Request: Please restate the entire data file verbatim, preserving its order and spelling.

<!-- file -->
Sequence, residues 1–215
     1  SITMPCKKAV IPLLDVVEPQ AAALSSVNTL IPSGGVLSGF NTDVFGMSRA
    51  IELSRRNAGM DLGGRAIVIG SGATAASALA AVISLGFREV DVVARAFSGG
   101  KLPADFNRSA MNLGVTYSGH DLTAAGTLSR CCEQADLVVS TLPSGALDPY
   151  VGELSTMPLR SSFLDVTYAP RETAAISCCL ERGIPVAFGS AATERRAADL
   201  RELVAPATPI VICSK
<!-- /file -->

Sequence, residues 1–215
     1  SITMPCKKAV IPLLDVVEPQ AAALSSVNTL IPSGGVLSGF NTDVFGMSRA
    51  IELSRRNAGM DLGGRAIVIG SGATAASALA AVISLGFREV DVVARAFSGG
   101  KLPADFNRSA MNLGVTYSGH DLTAAGTLSR CCEQADLVVS TLPSGALDPY
   151  VGELSTMPLR SSFLDVTYAP RETAAISCCL ERGIPVAFGS AATERRAADL
   201  RELVAPATPI VICSK